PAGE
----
· Option 2: If Franke or his staff helps a prospect sign up and enroll in coverage, the fee is $99 for one person or $198 for two or more people.
· Option 3: If a prospect buys a life insurance or disability insurance policy from Franke, he will waive the broker fee for one year.
Franke’s move to a fee-based practice comes as health insurance brokers try to adapt to a world where commissions on individual plans are evaporating.
Before the Affordable Care Act implemented the medical loss ratio (MLR) on insurers, broker commissions averaged 5 percent based on monthly premiums for individual plans, according to a Modern Healthcare report. Today, many Blue Cross plans as well as four of the nation’s largest health carriers have reduced or eliminated commissions for individual plans. In a 2016 survey of its members who sell health insurance, the National Association of Insurance and Financial Advisors (NAIFA) found 93 percent experienced reduced or eliminated commissions on the sale of individual health plans.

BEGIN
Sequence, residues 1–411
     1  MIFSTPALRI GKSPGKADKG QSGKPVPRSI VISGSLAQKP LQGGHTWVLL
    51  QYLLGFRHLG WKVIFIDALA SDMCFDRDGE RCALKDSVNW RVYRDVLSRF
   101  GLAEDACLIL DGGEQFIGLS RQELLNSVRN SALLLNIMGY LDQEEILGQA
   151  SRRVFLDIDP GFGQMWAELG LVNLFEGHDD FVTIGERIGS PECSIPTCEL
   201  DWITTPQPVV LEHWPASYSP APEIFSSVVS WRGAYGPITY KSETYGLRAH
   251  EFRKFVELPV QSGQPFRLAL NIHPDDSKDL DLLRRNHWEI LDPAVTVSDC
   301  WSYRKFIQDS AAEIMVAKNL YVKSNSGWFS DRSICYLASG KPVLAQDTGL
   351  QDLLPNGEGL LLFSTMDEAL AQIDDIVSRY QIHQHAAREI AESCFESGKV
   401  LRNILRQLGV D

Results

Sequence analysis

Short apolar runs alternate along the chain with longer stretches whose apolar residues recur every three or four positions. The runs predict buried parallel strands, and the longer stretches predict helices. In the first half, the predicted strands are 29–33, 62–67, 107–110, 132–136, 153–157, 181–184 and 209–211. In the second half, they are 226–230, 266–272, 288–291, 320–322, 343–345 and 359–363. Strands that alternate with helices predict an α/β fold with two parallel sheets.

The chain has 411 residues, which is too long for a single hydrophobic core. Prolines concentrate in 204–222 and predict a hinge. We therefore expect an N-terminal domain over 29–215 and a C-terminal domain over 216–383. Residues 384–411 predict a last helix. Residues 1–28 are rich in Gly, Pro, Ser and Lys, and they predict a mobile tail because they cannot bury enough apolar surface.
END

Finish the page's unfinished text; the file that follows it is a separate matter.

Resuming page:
More brokers are looking at moving to fees as a way to get paid to serve their clients, according to another NAIFA member study. More than half of the NAIFA members surveyed said they would charge fees if commissions continue to remain low.
Move With Confidence
For the past two years, Franke has charged a fee to enroll people in individual health insurance. He said that he started the move to fees “with confidence.” He informed people in advance of his plan by writing a blog about it and sending it to his clients. He also added information about fees to his PowerPoint slide deck and created a YouTube video on the subject. Prospects who call his office receive a voicemail message in which he spells out the fees.